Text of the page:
Aussie Skye Nicolson, continuing her busy entrance to the paid ranks with her fourth bout in less than three months, coasted to an 80-72 scoreline from referee Reece Carter after an uneventful eight-twos with Uruguayan Gabriela Bouvier.

The South American was once a sanctioning body belt-holder, but that was at flyweight and eight years ago. Facing a tall featherweight, Gaby found it impossible to get past the long arms of the former Commonwealth Games gold medallist, whose wrong-way-round stance made the task no easier.

It was a one-sided encounter, Bouvier limiting herself to brief flurries at the end of each stanza as if hoping the burst of action would make up for the previous passivity.

Skye can now look forward to some rest and recreation in her native Queensland and recharge her batteries for some hoped-for title opportunities later in the year.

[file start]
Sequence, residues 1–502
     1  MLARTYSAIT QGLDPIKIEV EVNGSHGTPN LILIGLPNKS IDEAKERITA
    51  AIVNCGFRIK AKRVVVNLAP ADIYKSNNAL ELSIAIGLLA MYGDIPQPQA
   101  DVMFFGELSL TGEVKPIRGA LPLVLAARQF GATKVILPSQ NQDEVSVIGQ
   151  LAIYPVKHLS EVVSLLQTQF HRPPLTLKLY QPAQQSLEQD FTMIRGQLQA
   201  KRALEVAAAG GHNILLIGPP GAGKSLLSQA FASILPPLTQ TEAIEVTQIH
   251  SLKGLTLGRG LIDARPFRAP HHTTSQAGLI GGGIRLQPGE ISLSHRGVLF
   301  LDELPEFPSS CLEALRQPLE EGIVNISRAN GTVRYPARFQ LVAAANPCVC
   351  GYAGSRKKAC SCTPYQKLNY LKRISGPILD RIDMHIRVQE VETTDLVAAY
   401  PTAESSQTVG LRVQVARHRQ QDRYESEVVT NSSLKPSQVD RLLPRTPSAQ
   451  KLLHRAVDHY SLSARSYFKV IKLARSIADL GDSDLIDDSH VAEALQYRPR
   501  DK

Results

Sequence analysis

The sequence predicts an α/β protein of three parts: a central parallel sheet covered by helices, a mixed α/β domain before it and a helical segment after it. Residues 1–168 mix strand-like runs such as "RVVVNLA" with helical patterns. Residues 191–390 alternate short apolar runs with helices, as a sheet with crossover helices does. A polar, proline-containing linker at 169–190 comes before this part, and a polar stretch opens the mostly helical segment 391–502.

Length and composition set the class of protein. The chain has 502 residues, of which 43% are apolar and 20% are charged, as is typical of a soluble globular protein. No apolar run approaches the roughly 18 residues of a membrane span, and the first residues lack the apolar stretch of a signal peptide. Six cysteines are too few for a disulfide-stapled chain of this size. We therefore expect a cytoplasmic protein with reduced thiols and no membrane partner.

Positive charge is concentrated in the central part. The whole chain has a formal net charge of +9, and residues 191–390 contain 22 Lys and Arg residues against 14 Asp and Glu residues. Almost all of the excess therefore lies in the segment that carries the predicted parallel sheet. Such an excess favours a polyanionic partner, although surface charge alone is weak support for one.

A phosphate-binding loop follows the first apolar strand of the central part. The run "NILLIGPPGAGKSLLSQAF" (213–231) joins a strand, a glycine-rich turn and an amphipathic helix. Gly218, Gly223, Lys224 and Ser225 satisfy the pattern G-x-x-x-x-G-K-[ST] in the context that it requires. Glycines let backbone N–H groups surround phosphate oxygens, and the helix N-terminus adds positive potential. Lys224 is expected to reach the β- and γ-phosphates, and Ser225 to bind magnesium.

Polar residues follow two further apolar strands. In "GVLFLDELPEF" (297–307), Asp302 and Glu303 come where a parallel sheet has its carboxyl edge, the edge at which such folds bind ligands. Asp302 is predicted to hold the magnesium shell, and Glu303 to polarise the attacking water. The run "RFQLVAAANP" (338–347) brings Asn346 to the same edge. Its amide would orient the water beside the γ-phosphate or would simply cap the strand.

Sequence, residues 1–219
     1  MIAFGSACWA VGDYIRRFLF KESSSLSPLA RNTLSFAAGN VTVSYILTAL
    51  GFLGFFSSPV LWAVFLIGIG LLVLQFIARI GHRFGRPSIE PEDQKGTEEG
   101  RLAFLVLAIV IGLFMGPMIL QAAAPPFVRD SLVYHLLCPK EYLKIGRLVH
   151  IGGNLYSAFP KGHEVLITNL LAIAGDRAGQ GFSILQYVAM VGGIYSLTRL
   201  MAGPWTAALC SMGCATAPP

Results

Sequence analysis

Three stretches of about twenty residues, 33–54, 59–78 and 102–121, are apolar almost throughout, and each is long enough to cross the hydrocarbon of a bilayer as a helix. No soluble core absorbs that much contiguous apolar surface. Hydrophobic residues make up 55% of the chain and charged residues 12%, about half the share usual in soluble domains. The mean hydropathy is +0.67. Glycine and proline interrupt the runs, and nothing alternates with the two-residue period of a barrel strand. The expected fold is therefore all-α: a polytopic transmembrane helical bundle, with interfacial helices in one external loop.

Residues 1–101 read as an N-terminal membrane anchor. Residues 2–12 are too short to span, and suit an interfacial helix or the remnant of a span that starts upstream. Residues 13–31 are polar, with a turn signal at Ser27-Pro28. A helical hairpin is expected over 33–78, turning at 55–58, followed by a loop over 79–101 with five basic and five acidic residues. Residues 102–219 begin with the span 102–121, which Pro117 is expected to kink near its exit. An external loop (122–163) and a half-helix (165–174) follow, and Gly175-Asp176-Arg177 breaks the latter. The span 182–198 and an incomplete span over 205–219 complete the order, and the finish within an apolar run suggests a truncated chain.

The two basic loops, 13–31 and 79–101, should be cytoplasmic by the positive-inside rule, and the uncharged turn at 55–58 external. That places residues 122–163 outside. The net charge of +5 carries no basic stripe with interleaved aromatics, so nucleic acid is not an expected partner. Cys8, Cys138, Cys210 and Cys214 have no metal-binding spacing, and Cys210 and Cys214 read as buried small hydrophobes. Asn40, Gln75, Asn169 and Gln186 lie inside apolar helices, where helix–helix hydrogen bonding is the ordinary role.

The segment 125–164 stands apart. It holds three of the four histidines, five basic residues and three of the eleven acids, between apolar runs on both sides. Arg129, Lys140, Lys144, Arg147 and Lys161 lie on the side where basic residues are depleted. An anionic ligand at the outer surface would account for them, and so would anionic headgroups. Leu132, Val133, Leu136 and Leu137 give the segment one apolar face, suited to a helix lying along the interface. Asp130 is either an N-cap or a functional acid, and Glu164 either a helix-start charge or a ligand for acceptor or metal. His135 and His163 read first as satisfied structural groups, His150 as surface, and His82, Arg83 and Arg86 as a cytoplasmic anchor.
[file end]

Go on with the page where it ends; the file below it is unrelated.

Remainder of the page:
Three Welsh prospects climbed through the ropes with identical records: three straight wins, one of them the quick way. All added four-round points decisions over rivals from Russia, via their current base in Southampton.

The most impressive was Tiryberth southpaw Kyran Jones, who hurt Vasif Mamedov early on and did even better in the second, stepping back slightly to draw his hirsute opponent on to a sharp left which put his down. Mamedov suffered no lasting harm, but remained on the receiving end as Jones, a standout amateur but still only 24, maintained his dominance to earn a 40-35 card from Mr Carter.

Ben Crocker, his waistband bearing tribute to his brother-in-law, killed a few weeks earlier in a motorcycle accident, was similarly superior to Evgenii Vazem, Mr Jones seeing it 40-36.

Crocker’s noisy Swansea City chorus kept up a constant chant of “Eddie, Eddie, sign him up!” as their hero strutted his stuff. Their substantial numbers, along with Ben’s undoubted promise, may encourage promoter Hearn to do just that.